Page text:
Most frequently, one of the causal lesions is present and the transition from the initial lesion to the joint infection is readily apparent. However, when a swollen foot is treated before the cause has been established, a joint infection may have been ongoing for weeks before the true nature of the condition is diagnosed. If aggressive treatment of a footrot case does not lead toward resolution within 3 days, septic arthritis should be suspected. Increased pain, together with swelling of the anterior region of the coronary band in cases of sandcrack and white line disease, is suggestive of joint infection. Using regional analgesia and strict aseptic technique, an aspirate of the joint can be collected and examined for infection. A radiograph may indicate an abnormal separation of the joint surfaces.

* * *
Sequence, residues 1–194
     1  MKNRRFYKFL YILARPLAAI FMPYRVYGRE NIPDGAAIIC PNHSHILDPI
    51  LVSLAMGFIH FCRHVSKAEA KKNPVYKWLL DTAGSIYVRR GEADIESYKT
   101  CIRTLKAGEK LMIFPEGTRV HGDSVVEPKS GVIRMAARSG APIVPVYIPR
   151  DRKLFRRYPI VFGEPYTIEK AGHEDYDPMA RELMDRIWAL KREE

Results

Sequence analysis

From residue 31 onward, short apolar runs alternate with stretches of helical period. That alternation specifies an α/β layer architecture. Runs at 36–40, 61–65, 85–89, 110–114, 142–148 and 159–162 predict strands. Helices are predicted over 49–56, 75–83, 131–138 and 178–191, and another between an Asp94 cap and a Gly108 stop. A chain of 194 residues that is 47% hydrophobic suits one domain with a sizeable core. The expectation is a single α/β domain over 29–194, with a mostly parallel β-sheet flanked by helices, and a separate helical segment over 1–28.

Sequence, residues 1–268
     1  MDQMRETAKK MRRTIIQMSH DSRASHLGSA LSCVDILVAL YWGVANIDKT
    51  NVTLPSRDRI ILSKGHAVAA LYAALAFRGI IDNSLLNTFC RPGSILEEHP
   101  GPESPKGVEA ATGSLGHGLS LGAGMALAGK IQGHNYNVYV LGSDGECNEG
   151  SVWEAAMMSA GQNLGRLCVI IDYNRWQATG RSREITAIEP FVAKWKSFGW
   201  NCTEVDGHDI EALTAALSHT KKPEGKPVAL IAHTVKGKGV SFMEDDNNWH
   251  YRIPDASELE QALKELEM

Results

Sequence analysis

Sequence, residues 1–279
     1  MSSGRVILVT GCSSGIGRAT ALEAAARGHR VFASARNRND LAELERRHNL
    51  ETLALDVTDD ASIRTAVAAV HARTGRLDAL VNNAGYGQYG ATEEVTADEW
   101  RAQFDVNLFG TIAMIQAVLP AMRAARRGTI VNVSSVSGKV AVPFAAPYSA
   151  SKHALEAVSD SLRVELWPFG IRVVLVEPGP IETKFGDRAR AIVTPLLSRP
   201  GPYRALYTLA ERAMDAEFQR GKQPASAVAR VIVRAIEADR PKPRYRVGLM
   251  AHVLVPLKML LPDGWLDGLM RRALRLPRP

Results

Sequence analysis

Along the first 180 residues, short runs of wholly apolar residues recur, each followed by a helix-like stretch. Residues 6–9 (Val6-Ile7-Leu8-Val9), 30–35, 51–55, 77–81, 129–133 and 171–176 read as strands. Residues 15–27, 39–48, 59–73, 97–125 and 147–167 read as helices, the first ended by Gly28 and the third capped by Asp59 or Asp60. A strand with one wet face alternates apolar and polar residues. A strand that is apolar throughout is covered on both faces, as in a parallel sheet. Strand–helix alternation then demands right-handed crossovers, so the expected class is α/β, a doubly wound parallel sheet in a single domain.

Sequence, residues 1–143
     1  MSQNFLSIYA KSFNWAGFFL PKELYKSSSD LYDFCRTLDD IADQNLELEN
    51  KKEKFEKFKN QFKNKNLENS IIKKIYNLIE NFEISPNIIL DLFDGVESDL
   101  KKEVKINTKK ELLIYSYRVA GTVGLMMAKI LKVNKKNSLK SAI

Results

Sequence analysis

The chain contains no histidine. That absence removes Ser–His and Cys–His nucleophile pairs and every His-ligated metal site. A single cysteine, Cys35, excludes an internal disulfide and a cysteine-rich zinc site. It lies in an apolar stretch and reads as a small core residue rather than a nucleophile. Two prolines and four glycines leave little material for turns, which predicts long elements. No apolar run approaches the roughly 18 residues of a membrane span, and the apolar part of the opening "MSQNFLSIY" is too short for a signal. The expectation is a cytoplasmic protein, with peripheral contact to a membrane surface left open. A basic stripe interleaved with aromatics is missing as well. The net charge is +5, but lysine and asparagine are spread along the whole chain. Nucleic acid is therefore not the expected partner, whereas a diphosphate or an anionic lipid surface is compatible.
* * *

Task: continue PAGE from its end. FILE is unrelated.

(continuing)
Digital amputation is indicated in animals that have a limited life expectancy, eg, old or poor-producing animals. The procedure is simple, quick, can be performed in standing animals under regional analgesia, and in most cases, produces rapid relief. Amputation is performed through the skin with an embryotomy wire placed as close to the skin-horn junction as possible. Hemorrhage is arrested by means of a tight bandage.
Alternatively, in the case of valuable animals, arthrodesis to fuse the distal and middle phalanges may be attempted. General anesthesia is recommended. A 1-cm canal is drilled through the abaxial wall into the joint, and a second canal is drilled from the causal lesion into the joint. The joint cavity is enlarged by curettage, and a drainage tube drawn through. Continuous irrigation with sterile saline should be performed for 2–3 days. A wooden block is then applied to the sound claw and the affected digit immobilized by fixing it to the block with methyl methacrylate. Immobilization is further facilitated by encasing the digital region in a cast. The cast is removed after 4 wk.